We see the attrac­tion, though. Bolt-on mod­ules are cheap­er. All we’d say is that ROI is every bit as impor­tant — if not more so — as cost. Your per­for­mance man­age­ment evo­lu­tion may come at that low­er price point, but if you find that 30% of users are engag­ing with it after six months, you’re get­ting nei­ther the evo­lu­tion you want­ed nor the data you need. 

The Three Tiers of Per­for­mance Man­age­ment Software

There’s anoth­er way to split up the mar­ket of soft­ware solu­tions out there: size. What works for 500 may not work for 50,000, and vice ver­sa. Let’s take a look at the options:

  1. Enter­prise Soft­ware: These providers cater most­ly to large and multi­na­tion­al organ­i­sa­tions. They’re near­ly always suite ven­dors, with per­for­mance man­age­ment being just a part of their wider HR tech offer­ing. The key play­ers are Work­day, Ora­cle, SAP Suc­cess­Fac­tors, Ultipro and Cor­ner­stone. The pros are that they are able to han­dle com­plex glob­al set-ups, are usu­al­ly high­ly con­fig­urable, offer a wider port­fo­lio and are robust providers who should be around for some time. Cons are that they are by far the most expen­sive (con­tract val­ue can run from the hun­dreds of thou­sands well into the mil­lions), tend to lack agili­ty and respon­sive­ness, and tend to have a clunki­er user expe­ri­ence. Sales cycles often run to 1 – 3 years. 
  2. Mid-Mar­ket Soft­ware: Mid-mar­ket is a dis­put­ed term, but broad­ly speak­ing the aver­age is 500 employ­ees with a range of rough­ly 1005,000 employ­ees. There has been a sig­nif­i­cant increase in mid-mar­ket HR tech­nol­o­gy solu­tions as the dig­i­tal rev­o­lu­tion has trick­led down from the enter­prise lev­el. Their busi­ness and com­mer­cial mod­els are appro­pri­ate­ly scaled and in sales, cycles are short­er: often between 6 months and a year. Sim­i­lar to the enter­prise mod­el, most of these providers offer a suite of mod­ules with per­for­mance man­age­ment being an option­al ele­ment. There are, how­ev­er, more and more per­for­mance man­age­ment point solu­tions enter­ing the mar­ket, most­ly from the US. These providers usu­al­ly have a spe­cif­ic take on the per­for­mance man­age­ment world and their web­sites and con­tent should help you under­stand their focus.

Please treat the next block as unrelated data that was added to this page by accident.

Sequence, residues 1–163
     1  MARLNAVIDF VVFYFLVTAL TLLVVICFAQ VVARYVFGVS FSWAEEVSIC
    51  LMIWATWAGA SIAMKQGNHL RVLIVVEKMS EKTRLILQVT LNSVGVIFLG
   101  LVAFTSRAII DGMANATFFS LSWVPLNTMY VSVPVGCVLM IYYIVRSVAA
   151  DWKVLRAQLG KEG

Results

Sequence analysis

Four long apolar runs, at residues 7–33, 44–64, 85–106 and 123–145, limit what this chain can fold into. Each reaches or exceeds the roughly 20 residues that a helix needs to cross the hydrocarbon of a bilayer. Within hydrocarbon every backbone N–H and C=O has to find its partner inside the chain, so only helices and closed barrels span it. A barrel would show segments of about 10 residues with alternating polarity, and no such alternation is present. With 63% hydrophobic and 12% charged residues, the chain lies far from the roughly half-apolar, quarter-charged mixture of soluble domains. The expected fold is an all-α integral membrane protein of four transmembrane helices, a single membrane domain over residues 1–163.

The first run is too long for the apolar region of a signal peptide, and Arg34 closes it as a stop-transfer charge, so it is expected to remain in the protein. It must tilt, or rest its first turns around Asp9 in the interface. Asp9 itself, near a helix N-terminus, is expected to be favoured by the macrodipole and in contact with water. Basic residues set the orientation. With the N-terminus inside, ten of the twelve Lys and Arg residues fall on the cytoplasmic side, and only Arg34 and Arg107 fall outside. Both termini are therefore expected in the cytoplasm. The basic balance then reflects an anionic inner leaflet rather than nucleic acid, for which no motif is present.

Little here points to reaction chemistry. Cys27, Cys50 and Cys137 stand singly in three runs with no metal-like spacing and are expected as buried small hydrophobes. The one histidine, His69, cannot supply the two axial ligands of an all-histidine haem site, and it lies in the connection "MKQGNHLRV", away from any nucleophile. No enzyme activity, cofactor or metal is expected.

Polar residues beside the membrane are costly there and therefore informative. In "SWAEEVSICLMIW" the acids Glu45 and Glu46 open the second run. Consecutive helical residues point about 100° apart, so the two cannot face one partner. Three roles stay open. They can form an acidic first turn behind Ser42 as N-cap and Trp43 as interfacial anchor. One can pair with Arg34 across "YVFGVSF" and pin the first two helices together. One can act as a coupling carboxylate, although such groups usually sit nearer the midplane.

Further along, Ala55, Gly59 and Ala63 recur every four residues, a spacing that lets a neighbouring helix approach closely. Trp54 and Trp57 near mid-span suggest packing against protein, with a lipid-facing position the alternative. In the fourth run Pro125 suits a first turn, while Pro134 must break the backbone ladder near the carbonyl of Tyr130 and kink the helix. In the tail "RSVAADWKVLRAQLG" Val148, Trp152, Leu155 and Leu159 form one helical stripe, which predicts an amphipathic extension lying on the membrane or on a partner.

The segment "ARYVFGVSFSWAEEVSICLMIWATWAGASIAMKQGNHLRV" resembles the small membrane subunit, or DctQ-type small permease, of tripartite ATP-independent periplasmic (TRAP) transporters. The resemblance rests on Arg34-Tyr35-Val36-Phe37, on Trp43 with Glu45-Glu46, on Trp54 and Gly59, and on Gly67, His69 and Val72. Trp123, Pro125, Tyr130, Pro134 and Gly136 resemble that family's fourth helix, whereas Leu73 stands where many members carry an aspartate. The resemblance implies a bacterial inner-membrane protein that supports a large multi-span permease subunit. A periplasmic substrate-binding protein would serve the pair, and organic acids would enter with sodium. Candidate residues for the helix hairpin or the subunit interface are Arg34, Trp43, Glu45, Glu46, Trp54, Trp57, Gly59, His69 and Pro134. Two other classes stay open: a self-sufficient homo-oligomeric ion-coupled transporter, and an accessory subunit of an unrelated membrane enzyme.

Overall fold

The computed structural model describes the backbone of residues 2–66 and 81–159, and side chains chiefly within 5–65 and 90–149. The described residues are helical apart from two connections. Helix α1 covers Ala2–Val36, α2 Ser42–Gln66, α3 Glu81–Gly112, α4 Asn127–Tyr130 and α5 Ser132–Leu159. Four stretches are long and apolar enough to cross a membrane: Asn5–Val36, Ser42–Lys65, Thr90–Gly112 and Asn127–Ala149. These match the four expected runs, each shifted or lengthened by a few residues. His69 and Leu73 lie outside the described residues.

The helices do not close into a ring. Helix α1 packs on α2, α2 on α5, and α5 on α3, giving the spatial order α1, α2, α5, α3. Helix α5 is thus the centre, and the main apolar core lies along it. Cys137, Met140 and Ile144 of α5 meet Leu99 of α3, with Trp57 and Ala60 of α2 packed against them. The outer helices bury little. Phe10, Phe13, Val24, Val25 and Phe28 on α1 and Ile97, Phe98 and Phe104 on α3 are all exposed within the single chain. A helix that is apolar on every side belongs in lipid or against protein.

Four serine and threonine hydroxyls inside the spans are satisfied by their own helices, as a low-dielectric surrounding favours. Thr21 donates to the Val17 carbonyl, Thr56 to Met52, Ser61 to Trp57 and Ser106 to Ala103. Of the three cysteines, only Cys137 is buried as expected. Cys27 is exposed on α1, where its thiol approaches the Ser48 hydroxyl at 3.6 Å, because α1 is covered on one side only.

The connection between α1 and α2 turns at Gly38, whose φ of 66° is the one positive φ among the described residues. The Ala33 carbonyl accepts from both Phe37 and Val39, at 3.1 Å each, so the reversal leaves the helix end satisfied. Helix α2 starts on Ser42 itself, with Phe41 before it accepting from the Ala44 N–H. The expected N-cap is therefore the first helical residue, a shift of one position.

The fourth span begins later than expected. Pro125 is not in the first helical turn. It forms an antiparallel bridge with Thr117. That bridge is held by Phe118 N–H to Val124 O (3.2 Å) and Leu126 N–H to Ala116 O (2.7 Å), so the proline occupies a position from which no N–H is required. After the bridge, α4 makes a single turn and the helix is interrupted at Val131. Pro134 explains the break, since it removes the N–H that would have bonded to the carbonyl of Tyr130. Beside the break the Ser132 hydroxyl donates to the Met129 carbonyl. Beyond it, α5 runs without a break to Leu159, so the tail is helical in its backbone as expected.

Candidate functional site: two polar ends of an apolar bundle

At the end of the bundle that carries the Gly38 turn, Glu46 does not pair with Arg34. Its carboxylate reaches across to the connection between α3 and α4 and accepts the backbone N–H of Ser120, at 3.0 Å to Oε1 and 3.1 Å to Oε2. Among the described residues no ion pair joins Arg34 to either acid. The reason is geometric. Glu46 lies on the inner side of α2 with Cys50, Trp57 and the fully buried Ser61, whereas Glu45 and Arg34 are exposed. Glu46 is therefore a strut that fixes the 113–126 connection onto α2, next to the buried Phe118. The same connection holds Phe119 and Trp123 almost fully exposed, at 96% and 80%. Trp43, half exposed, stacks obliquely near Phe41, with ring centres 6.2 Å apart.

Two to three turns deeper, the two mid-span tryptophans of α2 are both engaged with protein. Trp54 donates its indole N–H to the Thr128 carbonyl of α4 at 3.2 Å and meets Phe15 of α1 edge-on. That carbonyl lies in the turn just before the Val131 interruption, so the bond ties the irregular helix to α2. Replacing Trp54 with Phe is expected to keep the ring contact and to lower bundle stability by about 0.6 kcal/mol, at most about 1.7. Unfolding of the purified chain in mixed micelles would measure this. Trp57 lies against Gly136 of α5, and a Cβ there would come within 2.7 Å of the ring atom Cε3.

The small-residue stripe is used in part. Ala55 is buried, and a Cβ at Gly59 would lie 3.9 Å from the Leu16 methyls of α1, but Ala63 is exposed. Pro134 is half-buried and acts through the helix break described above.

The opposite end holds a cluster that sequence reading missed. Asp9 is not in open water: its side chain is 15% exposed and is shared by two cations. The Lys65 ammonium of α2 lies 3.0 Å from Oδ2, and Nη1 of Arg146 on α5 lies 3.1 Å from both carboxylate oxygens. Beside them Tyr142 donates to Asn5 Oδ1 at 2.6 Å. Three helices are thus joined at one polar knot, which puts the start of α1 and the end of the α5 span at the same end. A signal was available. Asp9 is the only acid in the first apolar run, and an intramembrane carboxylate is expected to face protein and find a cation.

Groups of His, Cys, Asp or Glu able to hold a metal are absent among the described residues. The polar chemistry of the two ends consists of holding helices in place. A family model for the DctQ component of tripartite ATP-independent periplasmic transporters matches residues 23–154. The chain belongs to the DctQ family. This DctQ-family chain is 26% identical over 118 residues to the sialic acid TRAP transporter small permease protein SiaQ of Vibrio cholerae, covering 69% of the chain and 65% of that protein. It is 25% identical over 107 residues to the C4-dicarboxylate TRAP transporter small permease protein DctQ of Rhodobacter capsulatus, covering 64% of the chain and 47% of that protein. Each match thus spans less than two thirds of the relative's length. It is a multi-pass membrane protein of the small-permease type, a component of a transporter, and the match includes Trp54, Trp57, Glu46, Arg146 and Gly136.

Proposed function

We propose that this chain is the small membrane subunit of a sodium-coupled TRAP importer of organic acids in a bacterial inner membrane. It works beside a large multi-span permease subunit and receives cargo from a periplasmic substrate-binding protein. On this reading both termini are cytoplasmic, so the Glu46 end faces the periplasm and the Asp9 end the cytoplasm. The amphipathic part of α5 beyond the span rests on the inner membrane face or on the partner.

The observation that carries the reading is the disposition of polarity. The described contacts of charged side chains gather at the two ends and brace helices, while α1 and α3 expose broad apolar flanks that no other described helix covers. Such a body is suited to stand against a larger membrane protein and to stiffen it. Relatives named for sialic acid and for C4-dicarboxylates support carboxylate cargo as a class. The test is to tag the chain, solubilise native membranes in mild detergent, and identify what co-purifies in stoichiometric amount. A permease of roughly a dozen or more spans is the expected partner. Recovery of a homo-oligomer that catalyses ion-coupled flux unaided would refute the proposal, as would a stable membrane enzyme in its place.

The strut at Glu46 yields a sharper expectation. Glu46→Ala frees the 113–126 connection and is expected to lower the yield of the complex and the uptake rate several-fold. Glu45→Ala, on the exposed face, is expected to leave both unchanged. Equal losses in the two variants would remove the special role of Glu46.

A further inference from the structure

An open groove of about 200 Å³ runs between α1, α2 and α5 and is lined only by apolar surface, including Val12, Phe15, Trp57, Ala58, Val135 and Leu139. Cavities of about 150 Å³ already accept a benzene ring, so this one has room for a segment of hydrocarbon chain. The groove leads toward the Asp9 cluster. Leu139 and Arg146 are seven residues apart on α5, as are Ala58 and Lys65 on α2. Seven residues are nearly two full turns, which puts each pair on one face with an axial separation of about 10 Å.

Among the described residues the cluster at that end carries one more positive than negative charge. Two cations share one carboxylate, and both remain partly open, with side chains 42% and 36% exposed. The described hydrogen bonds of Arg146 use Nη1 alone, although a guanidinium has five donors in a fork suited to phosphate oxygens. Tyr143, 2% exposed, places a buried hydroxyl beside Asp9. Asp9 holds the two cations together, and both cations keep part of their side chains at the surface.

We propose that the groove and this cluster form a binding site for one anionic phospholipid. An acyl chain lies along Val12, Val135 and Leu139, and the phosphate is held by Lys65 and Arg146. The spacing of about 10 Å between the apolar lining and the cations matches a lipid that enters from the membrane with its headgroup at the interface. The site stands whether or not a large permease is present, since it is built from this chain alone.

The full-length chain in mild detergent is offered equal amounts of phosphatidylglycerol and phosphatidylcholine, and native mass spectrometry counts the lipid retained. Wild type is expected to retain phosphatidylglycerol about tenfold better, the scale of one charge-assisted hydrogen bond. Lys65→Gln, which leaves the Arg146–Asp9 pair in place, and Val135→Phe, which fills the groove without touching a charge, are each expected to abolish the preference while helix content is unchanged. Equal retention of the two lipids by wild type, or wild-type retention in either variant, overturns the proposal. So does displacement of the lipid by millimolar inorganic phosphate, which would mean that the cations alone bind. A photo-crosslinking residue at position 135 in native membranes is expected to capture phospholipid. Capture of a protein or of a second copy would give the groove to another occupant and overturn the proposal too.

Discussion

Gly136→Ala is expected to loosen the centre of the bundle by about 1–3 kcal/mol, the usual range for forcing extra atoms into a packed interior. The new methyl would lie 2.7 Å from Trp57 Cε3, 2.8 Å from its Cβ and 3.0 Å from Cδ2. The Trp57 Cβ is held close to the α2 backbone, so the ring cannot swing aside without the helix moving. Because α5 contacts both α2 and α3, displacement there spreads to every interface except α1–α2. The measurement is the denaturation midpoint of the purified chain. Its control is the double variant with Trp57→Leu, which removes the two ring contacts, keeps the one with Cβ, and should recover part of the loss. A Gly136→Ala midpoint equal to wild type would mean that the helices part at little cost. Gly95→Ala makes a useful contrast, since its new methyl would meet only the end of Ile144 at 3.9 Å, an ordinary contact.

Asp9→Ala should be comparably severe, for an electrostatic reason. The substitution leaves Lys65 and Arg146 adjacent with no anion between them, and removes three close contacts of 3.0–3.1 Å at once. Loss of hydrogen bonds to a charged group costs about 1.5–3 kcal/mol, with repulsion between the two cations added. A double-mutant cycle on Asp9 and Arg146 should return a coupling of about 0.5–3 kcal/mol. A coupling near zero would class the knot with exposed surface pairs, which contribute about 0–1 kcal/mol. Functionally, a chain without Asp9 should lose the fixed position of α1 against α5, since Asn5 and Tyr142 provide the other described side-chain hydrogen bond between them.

3. Apps for Small Busi­ness­es: For small busi­ness­es (less than 100 peo­ple) there is an increas­ing num­ber of rea­son­ably easy to deploy apps. Often, the sales process is geared toward an auto­mat­ed approach — for exam­ple, video demos and auto­mat­i­cal­ly set-up free tri­als — as opposed to a more con­sul­ta­tive sales approach. The chal­lenges fac­ing small busi­ness­es often dif­fer in key ways: for exam­ple, adop­tion can be less of an issue as busi­ness lead­ers can push and mon­i­tor usage in a more hands-on way. Also, small­er busi­ness­es are often look­ing for hybrid sys­tems that might incor­po­rate some kind of task man­age­ment or KPI track­ing ele­ment (some­thing we would strong­ly advise against, as it comes back to that old mea­sure­ment over per­for­mance debate). Exam­ples of ven­dors in this space might be Small Improve­ments or PeopleGoal.

Bear in mind that there’s plen­ty of crossover here, with enter­prise-lev­el ven­dors offer­ing scaled solu­tions to the mid-mar­ket and small­er sup­pli­ers mak­ing a play for larg­er customers.

What Does Con­tin­u­ous Per­for­mance Soft­ware’ real­ly mean? 

Con­tin­u­ous per­for­mance man­age­ment is here to stay, and we’ve seen a strong con­sen­sus on this over the past cou­ple of years. While major cor­po­ra­tions like GE, Adobe and Microsoft get the head­lines for their pio­neer­ing deci­sions to ditch annu­al appraisals, most HR and Tal­ent lead­ers now realise that this is sim­ply the sen­si­ble way to approach performance. 

But as the approach has gained trac­tion, plen­ty of ven­dors have been quick to adapt their con­tent and mes­sag­ing to hit the right notes around this. And yet they’re still sell­ing the same prod­uct. So the ques­tion then becomes: what should a mod­ern con­tin­u­ous per­for­mance man­age­ment sys­tem look like? 

Our view is that it should be built around sup­port­ing high-qual­i­ty per­for­mance con­ver­sa­tions. The cur­rent per­for­mance man­age­ment rev­o­lu­tion we are expe­ri­enc­ing can be boiled down to this fact: con­ver­sa­tion and time­ly per­for­mance feed­back are the only things that make a gen­uine impact. 

Bear that in mind as you assess soft­ware solu­tions. Ask your­self (and the ven­dor): is this sys­tem all about unlock­ing dia­logue and feed­back? Is it easy to set a con­ver­sa­tion up, cap­ture the salient points and move on? Is the sys­tem ask­ing me to fill things out rather than actu­al­ly speak to anoth­er human? 

Yes, you need to be able to under­stand your tal­ent pop­u­la­tion. You need to be able to see poten­tial tal­ent and iden­ti­fy poor per­form­ers, for exam­ple. But it should not be the core focus. The user jour­ney towards bet­ter per­for­mance is the game chang­er. Get it right and you’ll be on your way to an improved per­for­mance cul­ture. The alter­na­tive is a return to the sta­tus quo: dis­en­gaged users and poor data.